Coincidentally, on the same day as the release of the 9/11 Commission’s report (and announcement of a few other interesting events and revelations round the world that were deliberately buried on that day ; surprise, surprise), there came the US military’s official explanation of why its soldiers tortured and murdered some hundred prisoners in Afghanistan and Iraq.
To digress (or perhaps expand) for a moment, while we are reflecting on coincidences, did anyone notice that the final day of the Democrats’ shindig in Boston was also the day on which it was disclosed that Pakistan had been interrogating an alleged king-pin al Qaeda figure who was arrested without fanfare five days before? Supposedly he planned the bombing of US embassies in Kenya and Tanzania, which, amazingly, might give the American public some interest in his appearance in the headlines. And was it noticed that the final day of the Democrats’ confab was the day, too, on which Secretary Powell paid a sudden and headline-intensive visit to Iraq? And the day on which Homeland Security Fiasco Tom Ridge announced he might retire? It was also the day on which a main domestic New York Times’ headline was "As Democratic Gathering Wraps Up, Bush Is Raring to Go". Oh well, it’s all fair and balanced stuff ; which brings me back to the US Army.
And it brings me back to the New York Times which did have the decency to state that the Army’s brutality in Afghanistan and Iraq was indeed very naughty in the course of the "volatile and dangerous mission of rounding up and detaining 50,000 prisoners in Iraq and Afghanistan over the last two and a half years". To be fair on the Times, it did record that the International Red Cross and the entire civilized world had identified "ill treatment" in "a systematic way" by the US military, and that the army’s pariah, Major General Taguba (who seems to be the only honorable senior officer in the whole damn lot) had stated in his report about torture that there was "systemic and illegal abuse of detainees." But it didn’t go as far as the Washington Post did, bless its little cotton socks.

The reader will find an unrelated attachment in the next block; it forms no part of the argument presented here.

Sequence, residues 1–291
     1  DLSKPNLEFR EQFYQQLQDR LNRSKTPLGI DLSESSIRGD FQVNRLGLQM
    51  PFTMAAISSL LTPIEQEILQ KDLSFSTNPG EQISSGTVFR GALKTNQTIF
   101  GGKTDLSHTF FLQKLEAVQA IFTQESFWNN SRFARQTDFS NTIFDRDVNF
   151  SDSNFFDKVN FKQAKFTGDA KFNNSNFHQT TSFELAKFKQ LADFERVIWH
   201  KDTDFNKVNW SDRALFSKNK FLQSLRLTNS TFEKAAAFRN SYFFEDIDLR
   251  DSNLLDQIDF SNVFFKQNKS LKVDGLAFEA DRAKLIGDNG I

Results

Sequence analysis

The Post said bluntly that the Army’s report into murder and torture by its soldiers was "implausible and unacceptable" and that "If the reputation and integrity of the Army are to be restored, some other authority will need to do better." But, for so long as GW Bush is military commander-in-chief, the US Army and the entire American armed forces cannot possibly have any Authority who can or will or want to do better.
The Army told lies in its report about murder and torture, but it was following the example of the Bush administration and its horrible appointees. The Army blamed its most junior and stupid and defenseless (and also appallingly evil) members for the atrocities against its captives. (Of whom, in Iraq, the Red Cross stated categorically in November last year there were 70 to 90 per cent innocent civilians, as has been shown by the Army’s precipitate and unconditional release of thousands of them from Abu Ghraib and other lesser-known hell-holes.) But by blaming those who cannot answer back, rather than the generals who were actually responsible for the atrocities, the Army’s Inquiry was simply following the example of the honorable Senators and all the other Good and Great Members of the western world’s Establishment who will never, like that dog sniffing in the forest, lift a leg on the biggest trees.
The US Army apportioned blame and lacked the guts to identify ultimate responsibility. Like the 9/11 Commission, and all the other inquiries into official incompetence, lying, deceit, dishonor and systemic malevolence, it was all slam, and no dunk.
BRIAN CLOUGHLEY writes on military and political affairs. He can be reached through his website www.briancloughley.com